- Speaking – thinking and speaking at the same time in a relatively natural speed
- Writing – thinking and writing at the same time in a relatively natural speed, with a relatively average number of revisions
- Listening – understanding spoken English to the depth that is necessary for any given situation. This implies that listening to friends, a university lecturer, the police, a YouTube video all carry uniquely different needs.
- Reading – understanding written English at a speed somewhere closer to L1 readers than L2 readers (some say that 250 wpm with a 75% comprehension rate is a good target).
As for reading, it will be nice to give an example like NYT etc as a standard text for calibration. Reading speed depends on writing style and topics. “in a relatively natural speed” probably means without translating ideas. Or translation can be done so quick then it does not matter how people do it … But it is good to link a concept directly to English not via Japanese during conversations and discussions.
“However, the standard English itself should be determined by the needs of all the people in the world, but not by only those of the people in the English speaking countries.”
Well, probably not. A language is a mean of communication defined by a set of rules so that every one follows the rule can communicate. A language always accommodates exceptions and are constantly changing, but it cannot change arbitrarily. If it change arbitrarily it becomes pidgin Japanese-English. In some sense many people engaged in English are already spending great time and effort to clarify and standardize English for its learners.
Who owns English? The question is too ambiguous. In a way, each different group owns and shares its own particular English words and expressions which cannot be understood by outsiders. The most dominant groups dictate the rules.
Michael Swan, the author of Practical English Usage, ponders the emergence of international English. It could be a ‘super-standard’ and be simpler without less important grammatical complications.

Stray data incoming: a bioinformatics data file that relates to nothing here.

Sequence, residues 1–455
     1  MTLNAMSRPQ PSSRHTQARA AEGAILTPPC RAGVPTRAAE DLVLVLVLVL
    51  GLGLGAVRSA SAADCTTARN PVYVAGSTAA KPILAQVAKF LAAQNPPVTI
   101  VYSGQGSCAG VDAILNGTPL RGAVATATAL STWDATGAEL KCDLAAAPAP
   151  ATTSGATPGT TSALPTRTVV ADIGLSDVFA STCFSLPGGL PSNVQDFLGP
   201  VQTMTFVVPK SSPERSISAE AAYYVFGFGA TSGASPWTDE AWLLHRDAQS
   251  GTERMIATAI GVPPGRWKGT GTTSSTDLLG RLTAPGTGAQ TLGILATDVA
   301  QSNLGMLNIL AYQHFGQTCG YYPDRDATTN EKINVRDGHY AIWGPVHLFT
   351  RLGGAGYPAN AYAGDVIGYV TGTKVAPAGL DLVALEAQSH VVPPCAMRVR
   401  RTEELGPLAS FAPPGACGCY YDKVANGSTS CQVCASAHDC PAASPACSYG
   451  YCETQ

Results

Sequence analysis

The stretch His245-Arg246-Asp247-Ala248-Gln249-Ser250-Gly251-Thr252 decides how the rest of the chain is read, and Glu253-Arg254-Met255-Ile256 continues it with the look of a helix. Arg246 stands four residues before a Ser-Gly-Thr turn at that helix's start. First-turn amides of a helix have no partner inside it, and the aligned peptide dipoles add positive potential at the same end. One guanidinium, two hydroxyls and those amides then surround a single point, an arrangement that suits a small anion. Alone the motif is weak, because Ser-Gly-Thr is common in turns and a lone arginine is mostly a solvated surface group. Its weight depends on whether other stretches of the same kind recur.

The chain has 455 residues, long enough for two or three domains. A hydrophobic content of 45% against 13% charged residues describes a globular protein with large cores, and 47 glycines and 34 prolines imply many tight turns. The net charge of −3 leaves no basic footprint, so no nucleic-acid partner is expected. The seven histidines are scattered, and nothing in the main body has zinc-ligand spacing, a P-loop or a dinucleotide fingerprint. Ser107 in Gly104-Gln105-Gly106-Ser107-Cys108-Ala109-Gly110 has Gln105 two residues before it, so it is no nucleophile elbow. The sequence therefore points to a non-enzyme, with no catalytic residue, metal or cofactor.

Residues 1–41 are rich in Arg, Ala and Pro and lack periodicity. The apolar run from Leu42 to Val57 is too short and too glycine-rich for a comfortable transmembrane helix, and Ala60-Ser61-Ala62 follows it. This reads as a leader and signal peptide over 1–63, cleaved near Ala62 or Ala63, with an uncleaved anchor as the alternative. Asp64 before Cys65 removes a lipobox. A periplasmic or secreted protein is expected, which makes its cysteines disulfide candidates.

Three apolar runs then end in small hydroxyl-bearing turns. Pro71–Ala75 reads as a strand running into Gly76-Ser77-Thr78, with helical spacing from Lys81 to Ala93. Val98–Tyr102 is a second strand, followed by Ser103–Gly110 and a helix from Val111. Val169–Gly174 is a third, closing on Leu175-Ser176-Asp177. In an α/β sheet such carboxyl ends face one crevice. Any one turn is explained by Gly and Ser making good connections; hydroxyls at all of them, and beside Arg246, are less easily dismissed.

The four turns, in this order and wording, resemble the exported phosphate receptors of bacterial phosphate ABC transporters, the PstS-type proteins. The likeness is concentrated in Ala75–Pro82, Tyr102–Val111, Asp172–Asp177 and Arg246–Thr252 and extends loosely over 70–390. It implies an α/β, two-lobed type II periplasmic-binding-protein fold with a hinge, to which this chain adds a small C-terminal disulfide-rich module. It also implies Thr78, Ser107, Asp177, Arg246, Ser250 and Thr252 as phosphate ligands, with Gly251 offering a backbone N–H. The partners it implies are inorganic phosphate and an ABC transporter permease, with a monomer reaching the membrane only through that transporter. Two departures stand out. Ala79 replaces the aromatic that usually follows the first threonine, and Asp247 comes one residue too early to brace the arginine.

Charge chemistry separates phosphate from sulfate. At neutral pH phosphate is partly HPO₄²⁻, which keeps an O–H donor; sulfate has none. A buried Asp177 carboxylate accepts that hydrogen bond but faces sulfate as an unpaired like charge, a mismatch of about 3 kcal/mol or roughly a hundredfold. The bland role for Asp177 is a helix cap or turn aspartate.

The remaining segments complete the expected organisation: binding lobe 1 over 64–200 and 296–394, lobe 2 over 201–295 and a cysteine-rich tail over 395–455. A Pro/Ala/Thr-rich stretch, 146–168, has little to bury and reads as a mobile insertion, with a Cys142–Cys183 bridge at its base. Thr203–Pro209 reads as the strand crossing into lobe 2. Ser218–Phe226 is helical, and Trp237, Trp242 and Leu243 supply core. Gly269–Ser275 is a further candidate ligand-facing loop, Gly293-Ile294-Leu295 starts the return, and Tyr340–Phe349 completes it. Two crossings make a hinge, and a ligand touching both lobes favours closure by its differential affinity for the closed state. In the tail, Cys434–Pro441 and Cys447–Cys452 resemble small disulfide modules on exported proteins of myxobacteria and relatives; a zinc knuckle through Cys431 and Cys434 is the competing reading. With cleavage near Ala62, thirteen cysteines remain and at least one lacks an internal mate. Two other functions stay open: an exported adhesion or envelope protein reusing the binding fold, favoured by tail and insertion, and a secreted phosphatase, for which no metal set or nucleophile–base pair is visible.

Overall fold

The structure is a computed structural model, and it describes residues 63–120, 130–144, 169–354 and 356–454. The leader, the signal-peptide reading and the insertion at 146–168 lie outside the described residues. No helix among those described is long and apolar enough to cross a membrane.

“English will become the last universal language.” I think this is way too much and see no point if this becomes true or not. This sounds like a religion.
English problems of Japanese
Here I list some blogs about English problems of non-natives.
English problems are not unique to Japanese, as far as I can see at an institute in Antwerp where English is a third language: Dutch, French and English. The level of English can be better or at least worse than I expected. It is really interesting to notice that Netherlanders can speak English more fluently than Belgians at the institute.
Many people among themselves can communicate in English on their work related topics but if visitors from USA, Canada or UK etc talk at their full speed on random topics they probably cannot fully follow. Of course I can minimally follow Dutch nor French. And many people here think they have enough English skills and think Belgian culture is better than those of anglophones.
You can see similar situation in Japan as well. Some Japanese think there is no need to learn English. Learning English equals to implicit cultural slavery to the “English world”. To them English equals to America. Fortunately the English world is not monolithic and is more complex. USA itself is a very complex country which defy any simple characterization.
For a scientist, practical benefits of knowing English far outweigh its possible cultural setbacks. Often simply you will not get a job which requires English. This is often true even in an EU project.
Japan is rarely a topic of discussion here. But I do see boxes of “inedible” sushi at supper markets and they are quite popular. Sashimi is also found and it is ok. Also mangas are also translated in Dutch. So I should probably read it to learn Dutch. Currently I have more than 15 Dutch books and a few French books, but I am working in English so Dutch and French remain to be hobbies.